Effect of acute exercise on glycogen synthase in muscle from obese and diabetic subjects

Jørgen Jensen, Puntip Tantiwong, Jorid T. Stuenæs, Marjorie Molina-Carrion, Ralph A. de Fronzo, Kei Sakamoto, Nicolas Musi

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9 Scopus citations

Abstract

Insulin stimulates glycogen synthase (GS) through dephosphorylation of serine residues, and this effect is impaired in skeletal muscle from insulin-resistant [obese and type 2 diabetic (T2DM)] subjects. Exercise also increases GS activity, yet it is not known whether the ability of exercise to affect GS is impaired in insulin-resistant subjects. The objective of this study was to examine the effect of acute exercise on GS phosphorylation and enzyme kinetic properties in muscle from insulin-resistant individuals. Lean normal glucose-tolerant (NGT), obese NGT, and obese T2DM subjects performed 40 min of moderate-intensity cycle exercise (70% of V̇O 2max). GS kinetic properties and phosphorylation were measured in vastus lateralis muscle before exercise, immediately after exercise, and 3.5 h postexercise. In lean subjects, GS fractional activity increased twofold after 40 min of exercise, and it remained elevated after the 3.5-h rest period. Importantly, exercise also decreased GS K m for UDP-glucose from ≈0.5 to ≈0.2 mM. In lean subjects, exercise caused significant dephosphorylation of GS by 50-70% (Ser 641, Ser 645, and Ser 645,649,653,657), and phosphorylation of these sites remained decreased after 3.5 h; Ser 7 phosphorylation was not regulated by exercise. In obese NGT and T2DM subjects, exercise increased GS fractional activity, decreased K m for UDP-glucose, and decreased GS phosphorylation as effectively as in lean NGT subjects. We conclude that the molecular regulatory process by which exercise promotes glycogen synthesis in muscle is preserved in insulin-resistant subjects.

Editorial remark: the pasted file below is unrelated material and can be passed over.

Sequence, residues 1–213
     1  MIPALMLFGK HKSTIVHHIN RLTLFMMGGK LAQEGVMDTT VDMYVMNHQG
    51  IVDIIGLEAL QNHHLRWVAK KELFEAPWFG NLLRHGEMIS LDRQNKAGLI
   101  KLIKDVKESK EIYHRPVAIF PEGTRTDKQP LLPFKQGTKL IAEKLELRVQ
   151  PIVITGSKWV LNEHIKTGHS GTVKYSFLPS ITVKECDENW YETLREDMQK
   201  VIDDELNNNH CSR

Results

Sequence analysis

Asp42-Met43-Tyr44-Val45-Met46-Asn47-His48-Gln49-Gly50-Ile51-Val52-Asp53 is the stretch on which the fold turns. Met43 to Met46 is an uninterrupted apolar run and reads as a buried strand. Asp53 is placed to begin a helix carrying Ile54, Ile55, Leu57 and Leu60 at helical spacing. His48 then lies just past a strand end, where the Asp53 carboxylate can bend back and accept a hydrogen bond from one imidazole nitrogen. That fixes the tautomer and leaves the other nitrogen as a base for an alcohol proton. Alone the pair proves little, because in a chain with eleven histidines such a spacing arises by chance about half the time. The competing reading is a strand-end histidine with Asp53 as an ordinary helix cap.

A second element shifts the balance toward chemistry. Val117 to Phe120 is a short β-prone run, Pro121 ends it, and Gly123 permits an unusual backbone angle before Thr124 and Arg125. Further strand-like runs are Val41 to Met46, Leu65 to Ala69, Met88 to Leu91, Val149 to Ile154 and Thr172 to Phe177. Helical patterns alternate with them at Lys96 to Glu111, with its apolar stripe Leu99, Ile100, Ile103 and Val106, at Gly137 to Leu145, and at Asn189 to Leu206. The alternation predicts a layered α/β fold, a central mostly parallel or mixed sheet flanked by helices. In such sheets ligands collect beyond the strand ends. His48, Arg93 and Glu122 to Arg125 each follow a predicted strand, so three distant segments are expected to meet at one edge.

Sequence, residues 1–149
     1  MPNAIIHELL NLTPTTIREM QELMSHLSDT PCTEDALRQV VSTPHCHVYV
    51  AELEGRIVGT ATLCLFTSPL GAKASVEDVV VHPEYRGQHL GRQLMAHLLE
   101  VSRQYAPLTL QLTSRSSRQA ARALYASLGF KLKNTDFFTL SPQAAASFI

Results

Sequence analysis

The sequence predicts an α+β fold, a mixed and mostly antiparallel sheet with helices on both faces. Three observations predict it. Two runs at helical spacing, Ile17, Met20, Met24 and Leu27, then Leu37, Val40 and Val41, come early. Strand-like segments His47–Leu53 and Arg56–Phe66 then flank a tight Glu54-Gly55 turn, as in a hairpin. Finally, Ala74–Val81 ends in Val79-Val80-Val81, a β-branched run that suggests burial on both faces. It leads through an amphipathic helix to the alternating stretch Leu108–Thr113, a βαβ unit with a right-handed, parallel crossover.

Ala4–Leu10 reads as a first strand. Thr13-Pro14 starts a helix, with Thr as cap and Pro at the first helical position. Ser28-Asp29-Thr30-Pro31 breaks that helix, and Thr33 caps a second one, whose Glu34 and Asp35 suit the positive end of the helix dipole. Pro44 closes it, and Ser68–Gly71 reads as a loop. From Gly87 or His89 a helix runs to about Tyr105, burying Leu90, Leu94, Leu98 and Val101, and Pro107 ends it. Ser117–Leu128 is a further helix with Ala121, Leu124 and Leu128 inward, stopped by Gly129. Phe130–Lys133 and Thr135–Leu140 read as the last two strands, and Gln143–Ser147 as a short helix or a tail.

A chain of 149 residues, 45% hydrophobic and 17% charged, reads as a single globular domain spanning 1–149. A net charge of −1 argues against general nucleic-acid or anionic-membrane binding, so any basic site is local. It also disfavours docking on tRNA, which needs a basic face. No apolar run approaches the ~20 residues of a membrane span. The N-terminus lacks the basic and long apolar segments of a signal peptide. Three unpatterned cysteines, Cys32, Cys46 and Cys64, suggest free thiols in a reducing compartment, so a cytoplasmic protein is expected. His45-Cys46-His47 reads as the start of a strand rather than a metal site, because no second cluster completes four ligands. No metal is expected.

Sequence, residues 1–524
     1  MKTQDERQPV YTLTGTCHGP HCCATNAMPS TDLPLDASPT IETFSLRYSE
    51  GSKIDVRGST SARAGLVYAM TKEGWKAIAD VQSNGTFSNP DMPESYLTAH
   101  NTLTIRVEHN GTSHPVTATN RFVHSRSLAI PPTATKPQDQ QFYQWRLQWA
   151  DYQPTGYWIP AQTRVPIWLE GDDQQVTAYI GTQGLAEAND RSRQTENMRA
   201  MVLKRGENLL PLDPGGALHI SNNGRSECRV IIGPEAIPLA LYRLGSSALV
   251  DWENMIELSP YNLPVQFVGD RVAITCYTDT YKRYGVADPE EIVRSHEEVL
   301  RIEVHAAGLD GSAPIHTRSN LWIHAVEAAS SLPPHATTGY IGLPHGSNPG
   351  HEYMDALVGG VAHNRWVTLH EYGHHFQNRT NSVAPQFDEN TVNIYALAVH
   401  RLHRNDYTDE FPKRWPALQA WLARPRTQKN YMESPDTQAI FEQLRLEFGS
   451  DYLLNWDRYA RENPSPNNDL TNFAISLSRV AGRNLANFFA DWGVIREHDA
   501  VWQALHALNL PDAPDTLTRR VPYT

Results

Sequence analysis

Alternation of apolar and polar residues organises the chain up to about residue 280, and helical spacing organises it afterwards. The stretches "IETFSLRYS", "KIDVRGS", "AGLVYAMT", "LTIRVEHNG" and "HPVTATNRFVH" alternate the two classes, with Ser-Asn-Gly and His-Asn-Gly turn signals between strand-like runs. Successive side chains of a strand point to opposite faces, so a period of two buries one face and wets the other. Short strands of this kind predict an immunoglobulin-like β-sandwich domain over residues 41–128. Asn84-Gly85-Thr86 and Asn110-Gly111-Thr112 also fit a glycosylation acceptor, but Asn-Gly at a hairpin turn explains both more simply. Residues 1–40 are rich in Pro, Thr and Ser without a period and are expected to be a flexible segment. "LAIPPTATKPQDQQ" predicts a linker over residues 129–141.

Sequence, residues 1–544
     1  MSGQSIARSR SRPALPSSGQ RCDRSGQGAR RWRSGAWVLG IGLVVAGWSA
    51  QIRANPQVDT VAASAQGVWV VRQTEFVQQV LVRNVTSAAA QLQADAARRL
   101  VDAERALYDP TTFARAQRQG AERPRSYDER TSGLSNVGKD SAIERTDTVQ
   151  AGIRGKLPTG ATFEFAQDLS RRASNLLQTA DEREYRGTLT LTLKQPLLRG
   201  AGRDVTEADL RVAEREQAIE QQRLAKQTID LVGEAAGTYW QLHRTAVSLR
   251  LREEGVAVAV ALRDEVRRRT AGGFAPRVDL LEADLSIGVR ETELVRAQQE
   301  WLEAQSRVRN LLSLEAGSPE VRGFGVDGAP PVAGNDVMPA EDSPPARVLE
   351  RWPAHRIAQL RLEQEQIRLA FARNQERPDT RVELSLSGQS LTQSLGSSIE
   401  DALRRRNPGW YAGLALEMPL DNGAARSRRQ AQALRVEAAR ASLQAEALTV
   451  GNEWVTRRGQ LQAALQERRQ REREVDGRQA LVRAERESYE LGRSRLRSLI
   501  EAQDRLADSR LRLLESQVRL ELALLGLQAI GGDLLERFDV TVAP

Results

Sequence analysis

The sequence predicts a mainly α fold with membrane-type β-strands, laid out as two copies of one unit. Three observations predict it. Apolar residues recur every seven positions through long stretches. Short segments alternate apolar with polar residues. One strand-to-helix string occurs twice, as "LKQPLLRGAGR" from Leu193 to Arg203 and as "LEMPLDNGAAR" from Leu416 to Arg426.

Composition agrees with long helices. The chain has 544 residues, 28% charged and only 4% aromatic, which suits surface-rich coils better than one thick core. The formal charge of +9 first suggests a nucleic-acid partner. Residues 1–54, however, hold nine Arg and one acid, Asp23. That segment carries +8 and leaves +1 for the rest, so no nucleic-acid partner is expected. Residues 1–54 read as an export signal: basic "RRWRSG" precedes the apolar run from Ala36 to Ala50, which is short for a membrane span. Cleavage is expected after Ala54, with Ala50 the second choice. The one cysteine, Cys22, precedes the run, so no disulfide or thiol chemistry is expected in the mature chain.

Original languageEnglish (US)
Pages (from-to)E82-E89
JournalAmerican Journal of Physiology - Endocrinology and Metabolism
Volume303
Issue number1
DOIs
StatePublished - Jul 1 2012

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Keywords

  • Insulin resistance

ASJC Scopus subject areas

  • Endocrinology, Diabetes and Metabolism
  • Physiology
  • Physiology (medical)

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